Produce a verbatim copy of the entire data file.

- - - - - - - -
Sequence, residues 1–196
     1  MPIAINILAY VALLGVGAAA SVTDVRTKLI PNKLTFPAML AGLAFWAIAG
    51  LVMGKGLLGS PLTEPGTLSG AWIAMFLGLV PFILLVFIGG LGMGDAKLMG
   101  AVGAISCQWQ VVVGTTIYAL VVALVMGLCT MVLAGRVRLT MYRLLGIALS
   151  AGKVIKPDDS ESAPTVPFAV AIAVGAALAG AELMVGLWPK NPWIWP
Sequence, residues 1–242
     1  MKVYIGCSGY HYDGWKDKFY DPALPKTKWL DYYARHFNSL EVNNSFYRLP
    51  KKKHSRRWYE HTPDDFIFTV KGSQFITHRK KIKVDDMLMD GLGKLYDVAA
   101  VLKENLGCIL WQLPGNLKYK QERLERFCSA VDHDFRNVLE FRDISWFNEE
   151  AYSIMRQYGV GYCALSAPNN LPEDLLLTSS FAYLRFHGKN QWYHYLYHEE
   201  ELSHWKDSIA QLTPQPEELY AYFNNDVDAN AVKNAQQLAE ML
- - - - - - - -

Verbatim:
Sequence, residues 1–196
     1  MPIAINILAY VALLGVGAAA SVTDVRTKLI PNKLTFPAML AGLAFWAIAG
    51  LVMGKGLLGS PLTEPGTLSG AWIAMFLGLV PFILLVFIGG LGMGDAKLMG
   101  AVGAISCQWQ VVVGTTIYAL VVALVMGLCT MVLAGRVRLT MYRLLGIALS
   151  AGKVIKPDDS ESAPTVPFAV AIAVGAALAG AELMVGLWPK NPWIWP
Sequence, residues 1–242
     1  MKVYIGCSGY HYDGWKDKFY DPALPKTKWL DYYARHFNSL EVNNSFYRLP
    51  KKKHSRRWYE HTPDDFIFTV KGSQFITHRK KIKVDDMLMD GLGKLYDVAA
   101  VLKENLGCIL WQLPGNLKYK QERLERFCSA VDHDFRNVLE FRDISWFNEE
   151  AYSIMRQYGV GYCALSAPNN LPEDLLLTSS FAYLRFHGKN QWYHYLYHEE
   201  ELSHWKDSIA QLTPQPEELY AYFNNDVDAN AVKNAQQLAE ML